The second Sermon, upon Repentance, abounds with passages of great force and beauty, and must have come home to the bosoms of the Pastor's flock with the most salutary effect. Having insisted upon the necessity of repentance, our author wisely lays down certain criteria whereby to ascertain the sincerity of that godly sorrow, and adduces "the steadiness of its practical effects" as decisive of its character; the first of which is stated to be "reparation and atonement for the mischiefs" of which our sins have been the cause. this is subjoined the following emphatic and eloquent appeal :


if the

If, then, the profligate, who has wantonly encouraged the foulness of prostitution; if the adulterer, who has tempted to the sundering of the most sacred ties; if the seducer, who has corrupted the purity of virgin innocence; boon companion, as the world sometimes miscalls the man, who encourages and glories in riot and intoxication; if the scoffer at religion, who, to gratify a petulant vanity, has instilled the poison of his impiety into some credulous unsuspecting soul; if these, and such as these, ever return to a sense of their crimes, what horror must they feel at the reflection, that the victims whom their hands have bound and led up for sacrifice to the altar of vice, can probably never be by them rescued from the terrors of their fate,-never be restored to religion, and purity, and happiness! On you, my young friends, who have not yet ventured upon such atrocities,-who have not yet by your example diffused the contagion of vice through the circle of your companions and friends,-who

have not yet been hurried away by the impulse of the evil one to seduce some child of innocence into guilt and misery ;-I warn you by the sacredness of religion, as you value your present peace, and your eternal happiness, pause before you commit any deed so fatal to your fellow-creature, so odious to God! If, in order to prove the sincerity of your repentance, you must anxiously labour to repair the injuries you have inflicted; pause, I conjure you, before you inflict injuries, which you never can repair! &c. &c. &c.-Pp. 32, 33.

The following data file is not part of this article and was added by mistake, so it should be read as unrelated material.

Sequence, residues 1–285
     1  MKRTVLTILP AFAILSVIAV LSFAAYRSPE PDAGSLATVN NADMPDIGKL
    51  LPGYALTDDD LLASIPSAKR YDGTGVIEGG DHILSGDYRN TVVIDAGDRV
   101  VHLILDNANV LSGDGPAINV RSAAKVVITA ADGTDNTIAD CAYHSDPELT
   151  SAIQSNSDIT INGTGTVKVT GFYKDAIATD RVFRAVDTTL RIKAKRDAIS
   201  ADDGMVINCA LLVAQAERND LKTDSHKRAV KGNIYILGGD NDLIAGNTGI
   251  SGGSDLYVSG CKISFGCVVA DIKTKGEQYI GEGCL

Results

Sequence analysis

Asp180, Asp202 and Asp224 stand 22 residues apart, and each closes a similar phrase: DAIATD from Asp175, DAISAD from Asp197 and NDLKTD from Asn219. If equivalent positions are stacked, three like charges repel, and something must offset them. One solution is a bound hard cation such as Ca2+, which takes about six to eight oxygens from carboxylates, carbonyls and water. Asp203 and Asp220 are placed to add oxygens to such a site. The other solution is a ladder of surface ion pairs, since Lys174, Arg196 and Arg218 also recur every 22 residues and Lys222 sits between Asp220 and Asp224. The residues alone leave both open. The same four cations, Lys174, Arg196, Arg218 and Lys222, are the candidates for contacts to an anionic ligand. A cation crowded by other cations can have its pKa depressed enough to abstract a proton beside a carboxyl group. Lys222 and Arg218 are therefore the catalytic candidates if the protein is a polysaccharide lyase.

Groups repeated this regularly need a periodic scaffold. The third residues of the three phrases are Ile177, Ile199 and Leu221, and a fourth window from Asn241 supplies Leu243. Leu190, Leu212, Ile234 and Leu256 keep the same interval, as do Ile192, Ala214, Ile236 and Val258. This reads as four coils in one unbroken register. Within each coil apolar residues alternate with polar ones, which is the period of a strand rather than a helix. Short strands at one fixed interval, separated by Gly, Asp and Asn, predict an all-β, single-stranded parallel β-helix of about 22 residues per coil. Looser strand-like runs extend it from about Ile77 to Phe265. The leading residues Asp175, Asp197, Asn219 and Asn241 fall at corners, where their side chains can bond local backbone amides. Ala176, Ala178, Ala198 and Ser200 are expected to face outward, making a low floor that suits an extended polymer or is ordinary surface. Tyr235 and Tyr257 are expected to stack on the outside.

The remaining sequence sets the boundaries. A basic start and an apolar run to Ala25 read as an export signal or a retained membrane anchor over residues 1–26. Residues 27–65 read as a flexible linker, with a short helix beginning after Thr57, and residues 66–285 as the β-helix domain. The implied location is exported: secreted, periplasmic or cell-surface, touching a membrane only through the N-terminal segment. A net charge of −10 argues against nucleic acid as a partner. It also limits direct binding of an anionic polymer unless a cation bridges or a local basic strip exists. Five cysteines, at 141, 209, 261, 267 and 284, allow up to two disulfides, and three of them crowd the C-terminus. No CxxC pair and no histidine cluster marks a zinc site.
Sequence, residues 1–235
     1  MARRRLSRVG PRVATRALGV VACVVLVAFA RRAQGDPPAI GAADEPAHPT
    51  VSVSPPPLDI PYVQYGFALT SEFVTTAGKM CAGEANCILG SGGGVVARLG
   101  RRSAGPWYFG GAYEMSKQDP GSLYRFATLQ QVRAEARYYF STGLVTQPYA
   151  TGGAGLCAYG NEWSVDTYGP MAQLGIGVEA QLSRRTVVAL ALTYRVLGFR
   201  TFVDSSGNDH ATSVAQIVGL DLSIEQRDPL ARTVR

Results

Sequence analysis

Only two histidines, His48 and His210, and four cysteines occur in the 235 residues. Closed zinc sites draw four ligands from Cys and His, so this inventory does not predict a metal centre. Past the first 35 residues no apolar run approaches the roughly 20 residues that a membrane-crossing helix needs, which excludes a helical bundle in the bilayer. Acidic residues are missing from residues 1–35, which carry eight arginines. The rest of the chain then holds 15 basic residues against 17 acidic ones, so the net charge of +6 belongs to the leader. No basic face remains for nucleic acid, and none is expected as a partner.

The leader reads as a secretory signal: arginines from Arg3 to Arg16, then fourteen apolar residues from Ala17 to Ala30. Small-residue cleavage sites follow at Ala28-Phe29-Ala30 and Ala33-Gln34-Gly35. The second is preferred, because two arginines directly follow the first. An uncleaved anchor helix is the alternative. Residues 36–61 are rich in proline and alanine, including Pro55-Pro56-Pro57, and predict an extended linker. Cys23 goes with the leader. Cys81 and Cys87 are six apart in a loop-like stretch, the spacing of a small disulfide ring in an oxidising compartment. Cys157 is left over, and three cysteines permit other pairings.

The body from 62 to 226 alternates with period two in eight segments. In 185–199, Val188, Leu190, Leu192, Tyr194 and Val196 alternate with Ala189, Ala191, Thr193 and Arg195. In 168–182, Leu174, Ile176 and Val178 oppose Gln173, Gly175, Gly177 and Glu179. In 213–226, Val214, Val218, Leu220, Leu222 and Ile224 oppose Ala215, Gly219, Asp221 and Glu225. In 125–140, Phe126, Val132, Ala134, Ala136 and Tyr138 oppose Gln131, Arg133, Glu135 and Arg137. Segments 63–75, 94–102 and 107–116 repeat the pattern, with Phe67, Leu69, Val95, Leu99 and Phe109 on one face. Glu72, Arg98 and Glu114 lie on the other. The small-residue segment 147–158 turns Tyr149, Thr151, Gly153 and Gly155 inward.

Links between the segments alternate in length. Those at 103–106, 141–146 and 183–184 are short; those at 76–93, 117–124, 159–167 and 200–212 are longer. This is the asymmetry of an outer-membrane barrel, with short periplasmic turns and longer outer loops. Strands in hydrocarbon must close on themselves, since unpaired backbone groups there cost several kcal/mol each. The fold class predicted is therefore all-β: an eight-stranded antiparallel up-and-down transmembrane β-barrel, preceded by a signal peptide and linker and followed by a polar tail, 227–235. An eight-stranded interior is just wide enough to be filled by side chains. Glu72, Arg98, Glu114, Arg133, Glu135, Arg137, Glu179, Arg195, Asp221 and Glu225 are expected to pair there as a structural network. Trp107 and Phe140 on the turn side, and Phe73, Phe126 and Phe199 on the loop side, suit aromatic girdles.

Doubtless there are who will ask for the doctrinal parts of the volume under review, and be anxious to learn from what motives our author invites his hearers to the work of their salvation, so that they may be convinced that he is something better than the ape of Aristotle, or the echo of Seneca, than which substitutes for the faithful expounder of the mystery of the gospel there is nothing more mischievous or more detestable. Such inquiries deserve our promptest regard; for we are convinced, with Horsley (whose words we gladly adopt to convey more forcibly our sentiments), that it is the duty of a preacher to enforce the practice of religion by inculcating its doctrines; and that "the motives which the revealed doctrines furnish, are the only motives by which religious duty can be effectually enforced;"* and our venerable author has thus recorded his judgment upon this vital point, in his admirable Discourses upon Faith, and the Principle of Christian Obedience. Taking the Apostle's definition of faith (Heb. xi. 1), and thence explaining it as "such a confident expectation of things hoped for, on the security of the Divine promise, as gives them, as it were, a substance and present existence; such a powerful conviction of the reality of things which are not yet seen, as enables them to act upon the mind as if they were present;" and thence showing how it comprehends "a perfect reliance on the truth of God," and a "deep and heart-felt submission to his dispensations as moral Governor of the world, and a perfect resignation of ourselves, and all our concerns, into the hands of Him who is all-merciful to choose, all-wise to know, and all-powerful to secure our well-being;" and demonstrating, lastly, that " it leads the repentant sinner to seek acceptance with God only on those terms and conditions which God proposes," through "the interposition and sacrifice of his Redeemer, as the only source of hope and salvation," he says that